So... what's this site all about?
Here at The Unofficial FFX-2 Translation, our goal is to provide for the
English-speaking gamer a complete guide to the first full-fledged
sequel in the FF series -- Final Fantasy X-2. Our site is divided into two main sections. An ongoing dialogue translation will bring you the story of FFX-2 through complete translations of conversations and cutscenes, while the gameplay translations will provide menu translations, item/spell lists, and other information needed to master FFX-2's innovative game mechanics.
Are you guys affiliated with Square in any way?
No. While we certainly would not be averse to the idea if someone were to, say, offer us a paying job, we are currently not affiliated with anyone but ourselves. As the title of the page implies, this is an unofficial, entirely fan-organized project.
Translating a huge game like FFX-2 just for the hell of it? What are you, crazy or something?
Why yes, thank you very much. And yet, there is a method to our madness. With this translation project, we hope to:
- Enjoy the hell out of this game. First and foremost, we are huge Final Fantasy fans. Translating can be tough work, but the sheer fun of exploring FFX-2 more than makes up for any hard times.
- Improve our own Japanese comprehension ability and J-E translation skills.
- Provide a service to help English-speaking gamers better enjoy their imported copy of FFX-2.
- Win fame and fortune, the unqualified adulation of millions, and take the first step in our master plan for world domination.
Okay, maybe not that last one.
Riiiiiiiight... So who are you guys, anyway?
The Unofficial FFX-2 Translation is entirely the work of Nathan Mallory.
Hmm... Do I know you from somewhere?
Possibly. If you imported the original FFX back in the summer of 2001, you
may find this site and its author familiar. Despite juggling several
responsibilities this time around, including work, school, and a multitude
of car problems, it is the author's hope to provide the same speed and high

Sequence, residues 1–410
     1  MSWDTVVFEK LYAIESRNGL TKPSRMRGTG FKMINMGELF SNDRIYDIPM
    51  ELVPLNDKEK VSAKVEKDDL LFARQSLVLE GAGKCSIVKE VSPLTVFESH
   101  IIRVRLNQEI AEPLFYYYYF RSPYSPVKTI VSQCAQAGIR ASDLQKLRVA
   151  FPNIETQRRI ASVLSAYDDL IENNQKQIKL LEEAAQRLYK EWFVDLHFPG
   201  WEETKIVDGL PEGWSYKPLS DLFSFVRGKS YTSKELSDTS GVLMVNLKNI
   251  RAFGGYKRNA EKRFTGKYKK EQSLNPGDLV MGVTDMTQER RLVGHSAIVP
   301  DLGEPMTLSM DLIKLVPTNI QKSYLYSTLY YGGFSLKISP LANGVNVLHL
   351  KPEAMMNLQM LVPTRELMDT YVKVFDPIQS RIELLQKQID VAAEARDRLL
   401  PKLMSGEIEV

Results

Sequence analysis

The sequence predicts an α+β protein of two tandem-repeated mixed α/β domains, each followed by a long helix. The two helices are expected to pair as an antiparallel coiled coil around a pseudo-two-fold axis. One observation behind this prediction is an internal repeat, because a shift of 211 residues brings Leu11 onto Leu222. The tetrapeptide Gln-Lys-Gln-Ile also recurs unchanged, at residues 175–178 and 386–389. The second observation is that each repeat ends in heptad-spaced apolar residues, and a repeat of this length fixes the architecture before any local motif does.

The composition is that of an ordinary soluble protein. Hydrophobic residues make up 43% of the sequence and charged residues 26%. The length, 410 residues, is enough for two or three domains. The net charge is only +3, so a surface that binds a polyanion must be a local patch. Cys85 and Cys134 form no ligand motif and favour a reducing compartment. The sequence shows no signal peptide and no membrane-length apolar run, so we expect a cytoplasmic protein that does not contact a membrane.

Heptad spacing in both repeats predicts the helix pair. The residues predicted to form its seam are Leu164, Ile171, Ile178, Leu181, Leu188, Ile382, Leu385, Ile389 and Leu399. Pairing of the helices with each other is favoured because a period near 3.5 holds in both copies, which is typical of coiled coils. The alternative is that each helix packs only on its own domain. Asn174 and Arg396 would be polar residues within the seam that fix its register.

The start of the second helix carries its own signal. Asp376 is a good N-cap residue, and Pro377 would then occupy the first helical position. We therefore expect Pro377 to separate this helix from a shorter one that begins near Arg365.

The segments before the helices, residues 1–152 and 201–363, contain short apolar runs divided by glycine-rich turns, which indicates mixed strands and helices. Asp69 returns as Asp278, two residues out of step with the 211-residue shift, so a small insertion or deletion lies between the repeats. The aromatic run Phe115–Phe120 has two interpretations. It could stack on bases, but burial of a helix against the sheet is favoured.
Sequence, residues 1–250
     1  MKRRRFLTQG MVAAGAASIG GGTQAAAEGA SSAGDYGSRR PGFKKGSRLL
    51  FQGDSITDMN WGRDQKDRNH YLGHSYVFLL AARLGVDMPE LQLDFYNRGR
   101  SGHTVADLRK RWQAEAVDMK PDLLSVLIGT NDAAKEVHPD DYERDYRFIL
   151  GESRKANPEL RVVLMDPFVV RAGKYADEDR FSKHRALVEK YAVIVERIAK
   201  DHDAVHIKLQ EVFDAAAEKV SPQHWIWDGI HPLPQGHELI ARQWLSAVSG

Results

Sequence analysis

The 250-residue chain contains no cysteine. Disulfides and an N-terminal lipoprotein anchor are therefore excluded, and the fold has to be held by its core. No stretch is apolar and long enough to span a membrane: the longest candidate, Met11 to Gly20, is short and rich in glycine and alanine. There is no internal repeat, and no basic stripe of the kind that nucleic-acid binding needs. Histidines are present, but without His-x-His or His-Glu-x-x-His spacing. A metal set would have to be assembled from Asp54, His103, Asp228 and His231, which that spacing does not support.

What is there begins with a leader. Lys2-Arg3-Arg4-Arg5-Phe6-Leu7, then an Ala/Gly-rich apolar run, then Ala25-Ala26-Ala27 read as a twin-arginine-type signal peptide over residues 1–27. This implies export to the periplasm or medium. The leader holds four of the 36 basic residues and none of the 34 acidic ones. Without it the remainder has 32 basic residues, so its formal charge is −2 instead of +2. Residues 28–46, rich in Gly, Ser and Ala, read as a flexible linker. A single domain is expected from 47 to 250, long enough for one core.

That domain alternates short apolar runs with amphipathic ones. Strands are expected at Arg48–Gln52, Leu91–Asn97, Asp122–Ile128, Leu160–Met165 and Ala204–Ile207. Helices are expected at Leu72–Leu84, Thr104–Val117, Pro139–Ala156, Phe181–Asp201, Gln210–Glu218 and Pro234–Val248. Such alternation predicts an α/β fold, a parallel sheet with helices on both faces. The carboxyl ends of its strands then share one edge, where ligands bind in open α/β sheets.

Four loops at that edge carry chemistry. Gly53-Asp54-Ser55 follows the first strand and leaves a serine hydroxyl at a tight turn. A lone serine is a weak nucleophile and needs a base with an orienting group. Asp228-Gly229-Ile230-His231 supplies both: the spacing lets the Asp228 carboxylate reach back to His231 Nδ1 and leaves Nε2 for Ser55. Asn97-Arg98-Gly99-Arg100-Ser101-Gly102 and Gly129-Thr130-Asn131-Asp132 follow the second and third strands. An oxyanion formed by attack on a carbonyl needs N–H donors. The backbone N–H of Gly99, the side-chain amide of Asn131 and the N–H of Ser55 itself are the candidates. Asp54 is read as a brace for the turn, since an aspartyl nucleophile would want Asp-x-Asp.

quality that readers enjoyed last time.
Hey! I know "arigato" doesn't mean "I love
you." What gives?
As you may know, there is a distinct difference between "translation" and
"localization." The first involves converting one language to another,
making only minor changes to preserve grammatical correctness.
Localization, on the other hand, takes distinct cultural variations into
account. Ultimately, the process of localization may alter the meaning
slightly, in order to sound more natural and culturally relevant to the
target audience. Needless to say, well-done localization can be much
more difficult than a strict translation.
There are, however, varying degrees of alteration, and the best
localizations may not always change the original meaning. To cite some
examples, Konami's Castlevania
series frequently produces titles for North America with very little
"localization," often resulting in stiff, unnatural sounding characters.
Square's original North American release of Final Fantasy IV showed how
difficult localization can be, introducing some "American" slang and
censoring other conversations entirely. On the other end of the
spectrum, Working Designs is
notorious for doing away with original dialogue entirely, opting instead to
give their writers complete freedom as long as the basic message is
conveyed. Even Square's own Vagrant Story made significant alterations
to original dialogue, changing the significance of scenes and adding
European cultural elements where before there were none. If done
properly, a solid localization can enhance a game immeasurably.
Despite its name, this translation project is something of a "Localization
0.5." I realize that nearly all of the site's readers will refer to
the original Japanese FFX-2, so major changes are kept to a minimum.
If a similar phrase sounds better in English than a direct translation of
the original, however, I may decide to make some small changes without